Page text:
Your partner may be taking prescription and non-prescription medications. You can help them by being informed about what they are taking and when they need to take them. A 7-day pillbox is a great idea (you can get these from a chemist) – you just put in all the meds they need to take each day of the week. There are also some great apps that you can get to remind you when and what they have to take, or you can download it for them.
When your partner returns home they might also require help with their personal care (washing, dressing etc.) or with physical tasks (such as getting in and out of bed).
It’s likely that your partner will need to take time out from work or study and they might need your help to communicate with their employer or educational institution about their progress.
Your partner is going to be on an emotional rollercoaster and might need support from you in terms of giving them a shoulder to cry on, someone to laugh with to lighten the mood or someone to vent to about how unfair everything is at the moment.
There are many ways to help other than the more traditional ones that people think of like cooking, cleaning, and taking them to Dr’s appointments.
Other support can include:
- Keeping friends in the loop – updating Facebook, tweeting or posting on instagram (check with your partner first as to what they are happy to share).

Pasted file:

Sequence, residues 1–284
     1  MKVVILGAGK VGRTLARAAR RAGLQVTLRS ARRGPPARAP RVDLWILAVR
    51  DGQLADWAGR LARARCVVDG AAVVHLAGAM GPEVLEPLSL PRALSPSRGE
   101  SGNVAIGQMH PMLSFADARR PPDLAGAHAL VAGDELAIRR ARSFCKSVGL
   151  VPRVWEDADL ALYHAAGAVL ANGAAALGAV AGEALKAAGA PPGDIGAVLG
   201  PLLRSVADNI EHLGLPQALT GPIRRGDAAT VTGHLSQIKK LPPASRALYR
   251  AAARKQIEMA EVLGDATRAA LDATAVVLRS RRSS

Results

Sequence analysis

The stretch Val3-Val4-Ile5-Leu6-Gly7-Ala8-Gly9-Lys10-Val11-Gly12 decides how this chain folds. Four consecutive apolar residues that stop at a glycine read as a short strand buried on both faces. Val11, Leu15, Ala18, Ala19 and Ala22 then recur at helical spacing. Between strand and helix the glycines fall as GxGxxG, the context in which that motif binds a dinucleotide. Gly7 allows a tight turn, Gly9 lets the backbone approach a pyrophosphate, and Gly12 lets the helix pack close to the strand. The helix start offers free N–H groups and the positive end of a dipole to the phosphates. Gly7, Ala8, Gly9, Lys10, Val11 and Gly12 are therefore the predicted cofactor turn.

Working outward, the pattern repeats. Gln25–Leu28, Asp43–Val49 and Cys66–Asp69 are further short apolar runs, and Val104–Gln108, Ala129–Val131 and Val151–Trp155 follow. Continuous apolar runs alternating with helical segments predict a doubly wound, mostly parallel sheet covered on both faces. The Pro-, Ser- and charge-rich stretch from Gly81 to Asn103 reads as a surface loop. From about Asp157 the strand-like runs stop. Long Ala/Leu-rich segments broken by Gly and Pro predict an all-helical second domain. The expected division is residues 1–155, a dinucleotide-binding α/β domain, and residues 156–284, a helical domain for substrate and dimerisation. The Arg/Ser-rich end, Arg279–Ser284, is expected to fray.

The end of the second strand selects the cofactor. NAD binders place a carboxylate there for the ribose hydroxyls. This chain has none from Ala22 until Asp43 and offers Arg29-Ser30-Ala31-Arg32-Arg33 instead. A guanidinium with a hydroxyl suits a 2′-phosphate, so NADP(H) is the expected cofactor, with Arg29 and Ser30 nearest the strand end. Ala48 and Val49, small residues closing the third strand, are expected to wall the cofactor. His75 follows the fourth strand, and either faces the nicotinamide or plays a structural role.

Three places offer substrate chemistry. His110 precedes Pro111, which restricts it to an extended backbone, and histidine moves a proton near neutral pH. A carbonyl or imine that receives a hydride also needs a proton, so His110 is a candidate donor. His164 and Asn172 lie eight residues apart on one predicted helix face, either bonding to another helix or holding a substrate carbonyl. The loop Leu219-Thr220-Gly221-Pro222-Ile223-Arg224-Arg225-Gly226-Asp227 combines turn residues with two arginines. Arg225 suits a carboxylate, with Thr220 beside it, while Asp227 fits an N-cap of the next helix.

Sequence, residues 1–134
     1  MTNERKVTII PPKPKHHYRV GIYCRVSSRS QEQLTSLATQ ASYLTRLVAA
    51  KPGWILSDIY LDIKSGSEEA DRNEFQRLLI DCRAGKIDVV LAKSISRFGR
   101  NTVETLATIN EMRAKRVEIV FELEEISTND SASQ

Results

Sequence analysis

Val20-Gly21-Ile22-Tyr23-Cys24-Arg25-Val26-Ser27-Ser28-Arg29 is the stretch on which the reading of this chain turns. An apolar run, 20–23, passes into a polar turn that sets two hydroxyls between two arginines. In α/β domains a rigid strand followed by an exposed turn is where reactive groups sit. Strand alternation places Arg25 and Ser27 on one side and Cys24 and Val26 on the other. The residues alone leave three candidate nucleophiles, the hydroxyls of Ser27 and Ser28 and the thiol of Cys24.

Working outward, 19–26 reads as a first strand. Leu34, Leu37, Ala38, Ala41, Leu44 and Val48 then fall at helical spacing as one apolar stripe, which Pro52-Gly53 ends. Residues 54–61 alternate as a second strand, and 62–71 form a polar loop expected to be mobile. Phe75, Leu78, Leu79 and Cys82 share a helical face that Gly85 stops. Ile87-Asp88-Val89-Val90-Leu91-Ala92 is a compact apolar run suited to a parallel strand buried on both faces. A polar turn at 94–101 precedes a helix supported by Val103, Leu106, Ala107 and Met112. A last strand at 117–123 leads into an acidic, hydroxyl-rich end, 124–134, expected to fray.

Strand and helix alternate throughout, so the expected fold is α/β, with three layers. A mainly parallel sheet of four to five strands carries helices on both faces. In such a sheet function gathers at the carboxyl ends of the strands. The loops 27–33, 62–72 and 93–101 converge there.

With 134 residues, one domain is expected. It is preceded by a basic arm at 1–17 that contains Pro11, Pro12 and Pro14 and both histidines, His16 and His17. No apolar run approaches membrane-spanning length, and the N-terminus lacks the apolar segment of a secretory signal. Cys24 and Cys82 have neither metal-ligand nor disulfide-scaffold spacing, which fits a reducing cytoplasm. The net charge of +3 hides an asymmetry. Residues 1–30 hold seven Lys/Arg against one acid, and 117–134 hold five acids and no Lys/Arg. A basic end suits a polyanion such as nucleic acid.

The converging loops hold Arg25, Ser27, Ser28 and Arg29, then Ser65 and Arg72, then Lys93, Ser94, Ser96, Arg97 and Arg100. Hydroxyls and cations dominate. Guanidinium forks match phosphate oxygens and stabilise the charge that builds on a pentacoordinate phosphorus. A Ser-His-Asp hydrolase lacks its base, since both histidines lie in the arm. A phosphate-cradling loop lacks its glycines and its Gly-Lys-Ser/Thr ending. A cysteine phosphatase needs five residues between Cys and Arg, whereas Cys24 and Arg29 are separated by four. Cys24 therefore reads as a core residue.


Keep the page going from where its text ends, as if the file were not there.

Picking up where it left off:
- Answering questions so that your partner doesn’t have to keep repeating the same stuff.
- Coordinating visits.
- Being their social organiser
These things can be incredibly important in helping them to have an outlet and focus, other than being the “cancer patient”.
Sometimes it can be helpful to get your partner to let you know what would help to support them. Ask them to tick any of the things opposite that they want you to do including things you already do.
Remember: Sometimes your partner may feel like people are taking over and they want to feel more independent. Other times they may feel like a burden and they may not want to ask for help. Always check in with your partner to see how you can help.
Discuss important decisions about my treatment with me.
Listen to me talk about my feelings.
Ask me how I am feeling (even if I am not feeling so good).
Tell me that you love me just the way I am.
Don’t avoid talking to me about tough stuff.
Don’t try to solve my problems.
Tell me how YOU are feeling.
Encourage me to exercise or exercise with me.
Just sit with me.
Give me some time alone.
Take messages, return phone calls or send texts for me.
Talk to me about things other than cancer.
Take me out.
Make me laugh (well try to).
Rub my back, feet, shoulders or hands.
Please accept there are some decisions I need to make on my own.
This checklist has been amended and reproduced with kind permission from the Cancer Council Queensland ‘Partners guide to coping with cancer’.
All of this may seem really overwhelming and you might be worried that you can’t organise it all. A good idea is to write down the things that you already do and then work out what could be done by someone else. It’s important to involve your partner in this as there may be things that they only want you to do (showering, getting dressed, going to Dr’s appointments). It’s also OK to pick the things that you like to do – cooking and shopping, taking them out and then delegate the things you don’t like – cleaning, washing, ironing.